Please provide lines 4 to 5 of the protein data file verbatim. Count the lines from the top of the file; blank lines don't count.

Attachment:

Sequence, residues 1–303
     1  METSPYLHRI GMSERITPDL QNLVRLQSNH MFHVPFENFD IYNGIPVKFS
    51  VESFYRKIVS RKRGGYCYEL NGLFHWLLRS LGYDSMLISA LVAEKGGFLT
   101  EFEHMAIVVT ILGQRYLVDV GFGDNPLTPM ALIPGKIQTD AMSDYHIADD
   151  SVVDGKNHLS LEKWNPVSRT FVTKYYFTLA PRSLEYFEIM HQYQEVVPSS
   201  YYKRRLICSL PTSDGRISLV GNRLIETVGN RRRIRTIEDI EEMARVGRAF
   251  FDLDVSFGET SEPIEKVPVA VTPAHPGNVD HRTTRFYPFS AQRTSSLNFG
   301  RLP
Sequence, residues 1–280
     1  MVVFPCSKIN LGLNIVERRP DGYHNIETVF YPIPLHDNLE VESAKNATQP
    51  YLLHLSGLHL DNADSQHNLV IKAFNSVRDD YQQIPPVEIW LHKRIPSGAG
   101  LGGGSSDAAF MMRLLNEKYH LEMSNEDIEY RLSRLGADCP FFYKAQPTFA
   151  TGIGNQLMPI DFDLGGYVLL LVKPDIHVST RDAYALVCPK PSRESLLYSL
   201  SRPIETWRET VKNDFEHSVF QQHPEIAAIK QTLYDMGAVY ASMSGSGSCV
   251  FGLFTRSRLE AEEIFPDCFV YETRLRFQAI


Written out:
   101  EFEHMAIVVT ILGQRYLVDV GFGDNPLTPM ALIPGKIQTD AMSDYHIADD
   151  SVVDGKNHLS LEKWNPVSRT FVTKYYFTLA PRSLEYFEIM HQYQEVVPSS